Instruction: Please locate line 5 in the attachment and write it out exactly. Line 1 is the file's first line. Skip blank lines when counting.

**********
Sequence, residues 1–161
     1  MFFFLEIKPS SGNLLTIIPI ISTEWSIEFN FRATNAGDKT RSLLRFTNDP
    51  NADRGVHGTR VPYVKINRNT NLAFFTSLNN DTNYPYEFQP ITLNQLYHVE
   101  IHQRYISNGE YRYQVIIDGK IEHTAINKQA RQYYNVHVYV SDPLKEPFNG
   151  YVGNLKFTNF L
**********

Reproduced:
   151  YVGNLKFTNF L